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Q&A: Side-dressing Fertilizers

How, when and why should I side-dress my plants with fertilizer?

Question: How, when and why should I side-dress my plants with fertilizer?

Answer: "Side-dressing" refers to giving growing plants, especially vegetables, an extra dose of fertilizer, beyond whatever food you may have applied when you planted them. It is important if your soil is poor or sandy or you have just begun to improve it by adding organic matter. Side-dressing keeps plants growing well and can result in a better harvest.

Crops that most benefit from side-dressing are corn and onions. Legumes, lettuces and root crops such as carrots and beets generally don't need it. Others such as tomatoes, broccoli and peppers may appreciate it.

When to side-dress:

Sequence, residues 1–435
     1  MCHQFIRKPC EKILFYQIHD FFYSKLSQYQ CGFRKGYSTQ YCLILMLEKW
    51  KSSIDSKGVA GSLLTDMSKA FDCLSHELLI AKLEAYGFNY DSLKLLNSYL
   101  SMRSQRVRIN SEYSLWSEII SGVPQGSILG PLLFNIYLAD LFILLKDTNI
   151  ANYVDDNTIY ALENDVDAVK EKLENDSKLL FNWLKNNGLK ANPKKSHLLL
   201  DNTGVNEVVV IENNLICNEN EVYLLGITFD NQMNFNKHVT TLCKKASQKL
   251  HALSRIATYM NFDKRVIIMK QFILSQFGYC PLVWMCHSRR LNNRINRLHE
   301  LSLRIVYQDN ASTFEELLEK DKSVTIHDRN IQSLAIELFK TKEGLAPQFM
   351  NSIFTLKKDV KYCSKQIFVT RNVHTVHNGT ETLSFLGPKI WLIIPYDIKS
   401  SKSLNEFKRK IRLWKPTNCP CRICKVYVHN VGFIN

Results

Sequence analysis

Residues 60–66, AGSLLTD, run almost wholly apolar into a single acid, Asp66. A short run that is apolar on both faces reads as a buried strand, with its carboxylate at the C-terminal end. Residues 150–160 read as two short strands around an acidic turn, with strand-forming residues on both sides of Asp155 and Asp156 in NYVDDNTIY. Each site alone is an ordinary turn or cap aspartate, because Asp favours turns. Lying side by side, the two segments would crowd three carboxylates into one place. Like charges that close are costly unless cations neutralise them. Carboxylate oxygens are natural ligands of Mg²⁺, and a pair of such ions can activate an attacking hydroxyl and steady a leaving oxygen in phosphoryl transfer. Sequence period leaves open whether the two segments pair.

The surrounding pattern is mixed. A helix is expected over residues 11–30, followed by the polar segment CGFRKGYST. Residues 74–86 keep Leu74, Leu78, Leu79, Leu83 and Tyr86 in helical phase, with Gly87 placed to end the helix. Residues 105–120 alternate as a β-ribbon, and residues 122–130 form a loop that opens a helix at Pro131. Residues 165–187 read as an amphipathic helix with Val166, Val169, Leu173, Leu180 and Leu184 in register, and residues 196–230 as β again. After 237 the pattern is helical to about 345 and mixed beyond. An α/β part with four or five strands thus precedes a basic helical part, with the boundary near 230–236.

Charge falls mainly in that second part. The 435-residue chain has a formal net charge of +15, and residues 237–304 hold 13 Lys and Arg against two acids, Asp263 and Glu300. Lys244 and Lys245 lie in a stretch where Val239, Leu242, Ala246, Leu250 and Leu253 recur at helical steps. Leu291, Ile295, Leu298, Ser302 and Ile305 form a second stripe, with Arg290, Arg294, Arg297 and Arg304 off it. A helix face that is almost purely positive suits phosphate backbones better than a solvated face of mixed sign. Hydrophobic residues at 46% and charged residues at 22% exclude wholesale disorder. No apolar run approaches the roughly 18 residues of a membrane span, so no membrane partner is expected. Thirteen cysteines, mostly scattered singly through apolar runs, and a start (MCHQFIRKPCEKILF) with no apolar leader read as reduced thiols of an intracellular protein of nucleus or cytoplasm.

Tomatoes, peppers and okra: when they bloom.

Cabbage, broccoli and cauliflower: when heads begin to form.

Corn: when plants are knee high and when silk begins to show.

Onions: when plants are 6 inches tall, continuing every few weeks until bulb begins to swell.

Cucumbers, squashes and melons: while plants are still small and not yet spreading.

How to side-dress:

Side-dress individual plants by digging a shallow trench around each plant, about 6 inches from the stem, applying granular fertilizer and covering it. If you are working with a large plant or a shrub, dig the trench under the drip line (the outermost leaves). Water.

To side-dress a row of plants, dig a shallow trench about 6 inches from the row, down the whole length. Put in granular fertilizer and cover it. Water the plants.

For fertilizer amounts, follow the package directions.

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